Yesterday, Hillary Clinton made her own contribution, which lacked the personal, homemade quality that made Savage's video so appealing, but added the gravitas of a semi-endorsement by the White House:
Google employees also added to the chorus yesterday:
The New York Times says that the outpouring of response has prompted Savage to create a stand-alone site to host the videos. The website, itgetsbetterproject.com, allows users to upload their own videos or written stories, and provides resources to LGBT teens seeking help or considering suicide.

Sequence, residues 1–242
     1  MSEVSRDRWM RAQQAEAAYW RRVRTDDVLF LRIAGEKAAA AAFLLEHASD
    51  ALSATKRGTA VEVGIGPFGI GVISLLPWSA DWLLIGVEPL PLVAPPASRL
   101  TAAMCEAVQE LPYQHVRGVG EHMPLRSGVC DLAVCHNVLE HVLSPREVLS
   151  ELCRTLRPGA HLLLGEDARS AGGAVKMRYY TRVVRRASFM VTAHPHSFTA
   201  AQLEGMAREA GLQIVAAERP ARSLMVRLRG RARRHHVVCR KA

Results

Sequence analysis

Speaking to the Times, Savage said that YouTube gave him direct channel to communicate with teens "out in the boonies, in the exurbs" where discrimination has been getting worse:
But how to tell them? He gives talks at colleges regularly, but not at middle schools or high schools. “I would never get permission,” he said, blaming a system of “parents, preachers and teachers” who “believe they can terrorize gay children out of being gay as they grow up.”
His realization was this: “I was waiting for permission that — in the era of YouTube, Twitter, Facebook — I didn’t need anymore.”
And thus, Dan Savage's incredibly moving, and inspiring, campaign was born: